The expression ‘children must learn to read in order to read to learn’ has been shown to be true. Literacy is the foundation of learning and continued growth and it is of utmost importance to instil a love for reading while children are still young. Research indicates that the gap in education outcomes grows wider throughout schooling for those learners who can’t demonstrate basic reading skills by Grade 3. A lack of motivation is one of the main reasons why children don’t engage in reading. Here are 15 ways teachers and parents can motivate children to read and instil a love of reading at an early age.
1. Let learners know what you are reading
It is important as educators to model a love of reading. Share what you are reading with your class – your favourite books, authors, place to read etc.
2. Read aloud
Read to your learners. Children love to hear when a good story is being read to them. Ask questions as you read. Let them read a line or two. Read with love, understanding and compassion. Read books that inspire and motivate, as well as books that children love.
3. Let the learners draw what they are hearing
To get learners engaged in what you read to them, you can allow them to draw pictures about the story.
4. Let learners read their choice of book aloud
Let your learners pick a book from the reading box/reading trolley and read it aloud to the class. Everyone should get a chance to read and ask their classmates questions afterwards.
5. Have materials other than books available to read
It is important to have a wide variety of reading materials in the classroom, for example, magazines and newspapers. This will encourage children to read.
6. Take learner’s interests into account
Before we can encourage children to read, we must be aware of the types of books they like. It is important to allow children to choose the book they want to read. This will increase confidence and their interest in books and reading.
7. Ask learners for recommendations
Ask your learners for recommendations of books. Make sure the learner who requested the book is the first one to read it.
8. Establish a classroom library
A classroom library may be a child’s only way to access books. It is important to have a classroom library because some learners’ families can’t afford to buy books.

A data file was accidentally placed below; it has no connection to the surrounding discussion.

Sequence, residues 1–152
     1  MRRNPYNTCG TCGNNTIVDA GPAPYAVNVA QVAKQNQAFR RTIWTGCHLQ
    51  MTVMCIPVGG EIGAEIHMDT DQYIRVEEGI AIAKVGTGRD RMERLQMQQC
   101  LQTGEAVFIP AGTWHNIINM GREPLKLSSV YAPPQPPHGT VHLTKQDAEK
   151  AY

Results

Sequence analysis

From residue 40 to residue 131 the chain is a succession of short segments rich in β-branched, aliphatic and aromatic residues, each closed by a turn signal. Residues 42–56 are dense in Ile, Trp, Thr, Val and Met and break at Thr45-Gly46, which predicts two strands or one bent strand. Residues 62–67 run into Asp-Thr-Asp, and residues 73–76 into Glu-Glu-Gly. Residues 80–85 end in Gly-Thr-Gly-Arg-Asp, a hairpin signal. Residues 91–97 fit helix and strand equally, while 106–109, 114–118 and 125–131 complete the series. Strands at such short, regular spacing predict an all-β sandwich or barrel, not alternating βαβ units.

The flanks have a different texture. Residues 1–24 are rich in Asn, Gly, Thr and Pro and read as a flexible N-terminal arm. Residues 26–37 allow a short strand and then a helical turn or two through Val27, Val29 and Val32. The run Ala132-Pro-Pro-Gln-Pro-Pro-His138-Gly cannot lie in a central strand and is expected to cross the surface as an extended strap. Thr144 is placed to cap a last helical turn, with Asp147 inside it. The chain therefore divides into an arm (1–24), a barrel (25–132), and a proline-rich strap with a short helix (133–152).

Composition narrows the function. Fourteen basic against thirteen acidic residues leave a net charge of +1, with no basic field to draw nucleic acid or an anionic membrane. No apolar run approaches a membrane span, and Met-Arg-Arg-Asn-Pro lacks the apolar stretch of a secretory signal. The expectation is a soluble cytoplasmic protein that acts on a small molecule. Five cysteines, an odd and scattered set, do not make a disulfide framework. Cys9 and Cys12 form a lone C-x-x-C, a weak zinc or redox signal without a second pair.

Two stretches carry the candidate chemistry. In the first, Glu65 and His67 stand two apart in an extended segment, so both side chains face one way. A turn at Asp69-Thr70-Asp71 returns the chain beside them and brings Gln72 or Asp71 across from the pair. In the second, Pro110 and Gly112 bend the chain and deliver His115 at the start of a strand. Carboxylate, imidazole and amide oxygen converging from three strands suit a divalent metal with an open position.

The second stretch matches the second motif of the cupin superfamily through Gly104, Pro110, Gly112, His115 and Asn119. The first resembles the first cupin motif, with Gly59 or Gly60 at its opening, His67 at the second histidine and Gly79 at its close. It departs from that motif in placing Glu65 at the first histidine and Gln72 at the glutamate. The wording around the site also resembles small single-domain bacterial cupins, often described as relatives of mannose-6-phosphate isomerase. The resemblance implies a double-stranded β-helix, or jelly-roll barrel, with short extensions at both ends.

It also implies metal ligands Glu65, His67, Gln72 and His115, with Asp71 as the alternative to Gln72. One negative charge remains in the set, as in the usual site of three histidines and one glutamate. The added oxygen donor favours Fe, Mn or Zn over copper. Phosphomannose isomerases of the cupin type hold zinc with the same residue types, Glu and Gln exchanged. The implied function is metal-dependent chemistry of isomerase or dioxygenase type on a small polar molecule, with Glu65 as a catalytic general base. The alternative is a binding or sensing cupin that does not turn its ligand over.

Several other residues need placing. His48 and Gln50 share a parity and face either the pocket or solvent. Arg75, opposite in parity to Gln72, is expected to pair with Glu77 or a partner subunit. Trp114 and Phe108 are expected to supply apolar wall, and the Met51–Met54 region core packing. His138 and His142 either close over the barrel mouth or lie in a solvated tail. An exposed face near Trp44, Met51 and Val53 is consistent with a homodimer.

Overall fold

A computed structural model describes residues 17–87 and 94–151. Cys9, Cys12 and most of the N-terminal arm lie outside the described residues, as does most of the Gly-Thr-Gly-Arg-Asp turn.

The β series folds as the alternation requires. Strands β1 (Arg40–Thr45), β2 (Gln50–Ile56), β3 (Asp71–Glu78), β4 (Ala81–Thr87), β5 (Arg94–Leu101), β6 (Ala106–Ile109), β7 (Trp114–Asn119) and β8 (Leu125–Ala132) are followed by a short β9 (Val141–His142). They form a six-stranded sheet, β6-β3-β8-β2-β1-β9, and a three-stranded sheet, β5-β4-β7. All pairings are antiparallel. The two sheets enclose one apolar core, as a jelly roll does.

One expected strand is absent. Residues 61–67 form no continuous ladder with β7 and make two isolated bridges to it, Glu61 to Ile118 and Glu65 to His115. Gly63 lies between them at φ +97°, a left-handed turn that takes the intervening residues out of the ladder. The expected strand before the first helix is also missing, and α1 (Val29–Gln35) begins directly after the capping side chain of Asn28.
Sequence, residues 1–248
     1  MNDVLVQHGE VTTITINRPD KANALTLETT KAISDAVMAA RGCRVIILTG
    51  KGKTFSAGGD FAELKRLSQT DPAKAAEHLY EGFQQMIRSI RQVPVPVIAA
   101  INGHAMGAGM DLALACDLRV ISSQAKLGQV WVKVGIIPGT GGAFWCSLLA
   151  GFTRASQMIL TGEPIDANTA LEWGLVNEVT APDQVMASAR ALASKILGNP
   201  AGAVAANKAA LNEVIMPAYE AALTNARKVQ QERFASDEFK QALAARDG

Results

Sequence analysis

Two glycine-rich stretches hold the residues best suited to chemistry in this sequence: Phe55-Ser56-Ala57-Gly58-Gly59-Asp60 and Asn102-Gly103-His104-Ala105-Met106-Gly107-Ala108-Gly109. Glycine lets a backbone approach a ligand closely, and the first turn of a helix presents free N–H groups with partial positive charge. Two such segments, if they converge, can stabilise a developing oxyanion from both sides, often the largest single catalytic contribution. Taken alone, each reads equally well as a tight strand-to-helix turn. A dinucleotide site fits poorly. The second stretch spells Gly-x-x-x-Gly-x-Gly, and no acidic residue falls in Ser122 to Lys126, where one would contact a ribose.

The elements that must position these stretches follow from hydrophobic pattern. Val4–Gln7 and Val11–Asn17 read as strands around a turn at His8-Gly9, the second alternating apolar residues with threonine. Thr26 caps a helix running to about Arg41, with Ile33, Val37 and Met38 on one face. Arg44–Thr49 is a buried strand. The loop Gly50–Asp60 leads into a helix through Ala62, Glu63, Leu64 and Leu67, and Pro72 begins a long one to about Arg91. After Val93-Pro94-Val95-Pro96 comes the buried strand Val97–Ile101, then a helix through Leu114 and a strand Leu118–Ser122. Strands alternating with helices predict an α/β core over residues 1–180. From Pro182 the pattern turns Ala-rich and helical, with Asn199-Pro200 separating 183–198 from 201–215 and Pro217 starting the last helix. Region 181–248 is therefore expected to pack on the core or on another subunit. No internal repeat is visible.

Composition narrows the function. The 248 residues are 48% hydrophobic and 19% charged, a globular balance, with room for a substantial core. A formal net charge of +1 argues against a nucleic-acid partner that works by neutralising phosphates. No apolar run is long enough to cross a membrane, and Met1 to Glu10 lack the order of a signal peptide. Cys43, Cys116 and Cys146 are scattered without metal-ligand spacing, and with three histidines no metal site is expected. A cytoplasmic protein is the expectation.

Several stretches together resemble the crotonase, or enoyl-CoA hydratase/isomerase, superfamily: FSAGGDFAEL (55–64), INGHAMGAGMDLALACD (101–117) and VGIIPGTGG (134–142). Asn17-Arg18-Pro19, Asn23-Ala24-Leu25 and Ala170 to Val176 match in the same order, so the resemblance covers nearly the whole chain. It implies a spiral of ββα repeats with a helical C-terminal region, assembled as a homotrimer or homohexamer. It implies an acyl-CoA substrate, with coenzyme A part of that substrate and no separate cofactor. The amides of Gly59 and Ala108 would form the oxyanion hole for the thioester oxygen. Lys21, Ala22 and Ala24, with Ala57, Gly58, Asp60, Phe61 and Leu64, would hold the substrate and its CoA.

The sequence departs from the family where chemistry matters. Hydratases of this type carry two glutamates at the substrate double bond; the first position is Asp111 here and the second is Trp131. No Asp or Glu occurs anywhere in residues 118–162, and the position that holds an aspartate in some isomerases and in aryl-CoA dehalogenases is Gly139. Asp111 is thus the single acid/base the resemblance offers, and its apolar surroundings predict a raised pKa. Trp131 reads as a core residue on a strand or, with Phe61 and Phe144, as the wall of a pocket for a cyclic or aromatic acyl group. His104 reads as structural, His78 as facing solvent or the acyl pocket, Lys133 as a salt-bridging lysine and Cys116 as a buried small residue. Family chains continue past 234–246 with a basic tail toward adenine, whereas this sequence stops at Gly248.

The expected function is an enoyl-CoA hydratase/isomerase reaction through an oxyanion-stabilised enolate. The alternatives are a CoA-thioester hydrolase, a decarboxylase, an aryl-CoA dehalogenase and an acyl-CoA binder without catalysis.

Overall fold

9. Create a special place to read
Reading spaces should be inviting and comfortable. Teachers and parents should create a comfortable space for children. If children feel comfortable when reading, it will become a habit. They will realise that reading offers comfort and it relaxes the mind.
10. Use a stuffed animal as a reading buddy
Let the class name the cuddly, stuffed animal and put it in the reading corner. Encourage your learners to read to their new friend throughout the day. This is a great way for them to become independent readers.
11. Use reading buddies
Ask a Grade 3 teacher to share his/her learners once a week for 30 minutes. Let your learner’s pair up with these older buddies to read together. The older children will model good reading skills and will teach the younger learners a lot.
12. Make books available in every classroom
It should not matter what you teach – if you teach Maths or Geography, you are still encouraged to have a library in your classroom. Reading is essential in every subject area; therefore books should be seen, discussed, read, shared and checked out.
13. Introduce new books throughout the year
If you introduce new books throughout the year the learners will be excited and motivated to read them.
14. Read a story and have them make a book from it
Read a story to your learners and let the entire class work together to create a big book of the story read. Let the learners use play dough, pipe cleaners and other materials to create the pictures. Let the learners take turns writing the words at the bottom of the pages once the pictures are finished.
15. Choose an author of the week
Give learners the opportunity to become the ‘author of the week’ in the classroom. Let them come up with their own stories and design their own book. Let the author of the week share their story with the whole class. Keep the learners’ books on the classroom shelf. The learners will love reading the books their classmates have written.